But the lessons the show imparts aren’t about how nuclear power and communism are Bad. The miniseries’ gritty, horror movie-like atmosphere sets up radiation as an invisible agent of death. But the real drama driving the five episodes is the battle of expedient lies versus inconvenient truths. In doing so, the show’s creators have made a drama that can tell us a lot about humanity’s most pressing challenge today: climate change. It’s a cautionary tale.
It’s impossible to not see parallels in the threats: the invisible radiation crawling into every nook and cranny of Pripyat and the invisible greenhouse gases piling up in our atmosphere. Similarly, both the explosion and nuclear fallout that followed at Chernobyl and the current climate crisis require a sustained, coordinated response to keep worse calamities from unfolding.
At its heart, Chernobyl is about the struggle to set the truth free in the face of lies designed to preserve the system, something that builds in the penultimate episode and comes to a head in the fifth and final episode. The show’s protagonist Valery Legasov, a Russian nuclear scientist, is caught in the middle of this tug of war.
Legasov is conscripted by the state to help deal with the explosion that nearly caused one of Chernobyl’s nuclear reactors to meltdown, but he and Ulyana Khomyuk—a fictional physicist who is standing in for all the real-life scientists that Legasov worked with—find that the reactor had a fatal flaw in its shutdown mechanism that caused it to explode, a flaw that exists in all the Soviet reactors. Legasov is asked to hide this truth in testimony before the world in Vienna and at the state trial for the plant’s operators. He omits these facts in Vienna but chooses to tell the truth during the operators’ trial in Chernobyl. The KGB pull him aside afterward, locking him in an abandoned basement room. There, the show’s fictional KGB director meets with him and says he will be forced to live in professional exile before agents shuttle him out to a waiting car. The last shot in the show is an aerial view of that car shuttling him through the Exclusion Zone back to an ostensible life of exile in Moscow. In a voiceover, actor Jared Harris—who played Legasov—utters the last words of the show (emphasis ours):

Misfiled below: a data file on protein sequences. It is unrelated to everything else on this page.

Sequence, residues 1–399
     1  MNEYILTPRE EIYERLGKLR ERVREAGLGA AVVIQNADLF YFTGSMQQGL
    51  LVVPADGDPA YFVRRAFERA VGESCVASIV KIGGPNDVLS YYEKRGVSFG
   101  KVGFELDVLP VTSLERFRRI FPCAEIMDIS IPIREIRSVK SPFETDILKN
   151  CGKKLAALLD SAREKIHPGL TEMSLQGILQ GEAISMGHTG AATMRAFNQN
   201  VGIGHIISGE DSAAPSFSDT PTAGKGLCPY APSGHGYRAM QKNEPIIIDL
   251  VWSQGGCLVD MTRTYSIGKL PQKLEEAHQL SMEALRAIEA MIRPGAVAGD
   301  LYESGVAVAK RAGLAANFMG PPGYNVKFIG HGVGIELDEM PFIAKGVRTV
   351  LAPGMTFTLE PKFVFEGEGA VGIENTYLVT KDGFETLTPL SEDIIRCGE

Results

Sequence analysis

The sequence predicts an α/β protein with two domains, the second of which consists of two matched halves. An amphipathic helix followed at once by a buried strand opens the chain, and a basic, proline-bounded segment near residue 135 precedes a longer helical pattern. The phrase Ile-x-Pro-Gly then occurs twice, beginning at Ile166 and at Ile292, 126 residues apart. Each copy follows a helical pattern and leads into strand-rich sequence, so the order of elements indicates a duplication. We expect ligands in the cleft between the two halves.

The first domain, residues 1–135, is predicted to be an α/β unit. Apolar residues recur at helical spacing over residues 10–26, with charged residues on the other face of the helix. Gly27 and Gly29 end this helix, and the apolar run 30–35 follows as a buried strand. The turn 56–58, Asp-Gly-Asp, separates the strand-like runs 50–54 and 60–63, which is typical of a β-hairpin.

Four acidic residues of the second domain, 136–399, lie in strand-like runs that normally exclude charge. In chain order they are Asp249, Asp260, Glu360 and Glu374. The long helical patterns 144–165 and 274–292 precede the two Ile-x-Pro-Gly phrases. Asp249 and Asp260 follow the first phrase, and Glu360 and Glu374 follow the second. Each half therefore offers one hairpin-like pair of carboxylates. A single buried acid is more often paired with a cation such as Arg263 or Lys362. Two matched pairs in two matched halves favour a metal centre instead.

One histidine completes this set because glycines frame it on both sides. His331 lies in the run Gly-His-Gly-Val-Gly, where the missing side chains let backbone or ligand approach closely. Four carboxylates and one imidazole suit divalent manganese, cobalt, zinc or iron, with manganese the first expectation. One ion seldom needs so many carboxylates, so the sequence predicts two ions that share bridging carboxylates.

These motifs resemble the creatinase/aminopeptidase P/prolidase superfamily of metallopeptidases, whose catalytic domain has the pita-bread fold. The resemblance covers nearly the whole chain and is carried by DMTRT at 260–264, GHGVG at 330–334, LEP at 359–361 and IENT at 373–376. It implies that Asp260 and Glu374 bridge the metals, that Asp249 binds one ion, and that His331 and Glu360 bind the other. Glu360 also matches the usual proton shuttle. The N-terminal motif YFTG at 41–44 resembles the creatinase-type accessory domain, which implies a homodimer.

“To be a scientist is to be naive. We are so focused on our search for truth we fail to consider how few actually want us to find it. But it is always there whether we see it or not, whether we choose to or not. The truth doesn’t care about our needs or wants—it doesn’t care about our governments, our ideologies, our religions—to lie in wait for all time. This at last is the gift of Chernobyl. Where I once would fear the cost of truth, now I only ask what is the cost of lies.”